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Open Access Research article

Dispersing away from bad genotypes: the evolution of Fitness-Associated Dispersal (FAD) in homogeneous environments

Ariel Gueijman1, Amir Ayali2, Yoav Ram1 and Lilach Hadany1*

Author affiliations

1 Department of Molecular Biology and Ecology of Plants, Tel Aviv University, Tel-Aviv 69978, Israel

2 Department of Zoology, Tel Aviv University, Tel-Aviv 69978, Israel

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Citation and License

BMC Evolutionary Biology 2013, 13:125  doi:10.1186/1471-2148-13-125

Published: 19 June 2013

Abstract

Background

Dispersal is a major factor in ecological and evolutionary dynamics. Although empirical evidence shows that the tendency to disperse varies among individuals in many organisms, the evolution of dispersal patterns is not fully understood. Previous theoretical studies have shown that condition-dependent dispersal may evolve as a means to move to a different environment when environments are heterogeneous in space or in time. However, dispersal is also a means to genetically diversify offspring, a genetic advantage that might be particularly important when the individual fitness is low. We suggest that plasticity in dispersal, in which fit individuals are less likely to disperse (Fitness-Associated Dispersal, or FAD), can evolve due to its evolutionary advantages even when the environment is homogeneous and stable, kin competition is weak, and the cost of dispersal is high.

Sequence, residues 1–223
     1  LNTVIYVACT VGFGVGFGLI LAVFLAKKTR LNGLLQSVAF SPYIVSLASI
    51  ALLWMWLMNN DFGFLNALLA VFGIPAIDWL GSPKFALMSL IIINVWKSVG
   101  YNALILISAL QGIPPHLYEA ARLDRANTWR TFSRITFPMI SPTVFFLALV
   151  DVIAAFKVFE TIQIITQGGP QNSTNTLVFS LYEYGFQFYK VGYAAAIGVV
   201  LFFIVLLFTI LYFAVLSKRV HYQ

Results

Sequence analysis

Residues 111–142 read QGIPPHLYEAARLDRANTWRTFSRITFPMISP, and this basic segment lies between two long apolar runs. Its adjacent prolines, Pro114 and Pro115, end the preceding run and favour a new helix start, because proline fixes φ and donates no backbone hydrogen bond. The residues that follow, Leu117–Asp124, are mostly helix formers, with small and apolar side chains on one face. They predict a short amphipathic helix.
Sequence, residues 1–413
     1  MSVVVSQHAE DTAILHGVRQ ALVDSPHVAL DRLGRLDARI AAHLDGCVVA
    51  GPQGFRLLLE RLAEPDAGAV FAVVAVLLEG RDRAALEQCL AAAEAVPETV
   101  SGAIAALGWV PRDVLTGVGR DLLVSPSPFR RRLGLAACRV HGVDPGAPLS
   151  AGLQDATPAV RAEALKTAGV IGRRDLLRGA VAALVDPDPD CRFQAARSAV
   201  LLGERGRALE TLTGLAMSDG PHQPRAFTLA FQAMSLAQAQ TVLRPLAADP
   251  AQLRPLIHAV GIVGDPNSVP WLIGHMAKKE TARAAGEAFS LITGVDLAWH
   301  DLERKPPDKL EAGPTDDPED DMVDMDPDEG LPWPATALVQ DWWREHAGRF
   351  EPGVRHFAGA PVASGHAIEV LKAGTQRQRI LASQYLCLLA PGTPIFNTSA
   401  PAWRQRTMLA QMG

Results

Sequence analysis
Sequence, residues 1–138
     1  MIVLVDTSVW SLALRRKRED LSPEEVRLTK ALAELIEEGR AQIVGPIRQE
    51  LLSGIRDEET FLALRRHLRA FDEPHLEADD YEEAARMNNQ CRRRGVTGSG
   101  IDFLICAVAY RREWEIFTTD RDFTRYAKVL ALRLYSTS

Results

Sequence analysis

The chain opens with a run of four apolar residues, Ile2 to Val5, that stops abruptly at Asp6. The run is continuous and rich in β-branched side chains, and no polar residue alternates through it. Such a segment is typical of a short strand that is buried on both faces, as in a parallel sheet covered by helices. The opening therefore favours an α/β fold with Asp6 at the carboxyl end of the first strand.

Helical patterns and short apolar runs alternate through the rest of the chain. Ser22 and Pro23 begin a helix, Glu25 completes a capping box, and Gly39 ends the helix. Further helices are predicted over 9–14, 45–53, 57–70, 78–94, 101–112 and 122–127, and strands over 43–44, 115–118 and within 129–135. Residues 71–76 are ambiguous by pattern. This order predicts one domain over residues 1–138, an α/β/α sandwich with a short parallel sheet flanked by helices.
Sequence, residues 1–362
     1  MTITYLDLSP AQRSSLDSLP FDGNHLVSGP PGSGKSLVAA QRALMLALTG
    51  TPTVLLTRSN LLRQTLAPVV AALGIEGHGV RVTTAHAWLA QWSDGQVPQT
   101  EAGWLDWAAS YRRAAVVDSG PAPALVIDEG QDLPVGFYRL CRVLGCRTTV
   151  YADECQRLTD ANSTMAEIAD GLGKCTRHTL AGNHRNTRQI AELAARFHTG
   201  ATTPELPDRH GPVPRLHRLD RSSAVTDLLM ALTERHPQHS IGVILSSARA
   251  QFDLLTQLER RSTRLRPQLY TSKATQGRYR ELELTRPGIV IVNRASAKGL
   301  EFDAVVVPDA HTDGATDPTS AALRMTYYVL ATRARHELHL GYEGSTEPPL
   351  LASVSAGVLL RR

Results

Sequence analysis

Results

Using stochastic simulations we show that throughout the parameter range, selection favors FAD over uniform dispersal (in which all individuals disperse with equal probability). FAD also has significant long-term effects on the mean fitness and genotypic variance of the population.

Conclusions

We show that FAD evolves under a very wide parameter range, regardless of its effects on the population mean fitness. We predict that individuals of low quality will have an increased tendency for dispersal, even when the environment is homogeneous, there is no direct competition with neighbors, and dispersal carries significant costs.

Keywords:
Phenotypic plasticity; Genetic mixing; Outcrossing; Stress-induced variation; Fitness-dependent dispersal; Condition-dependent dispersal; Partial migration; Stochastic simulations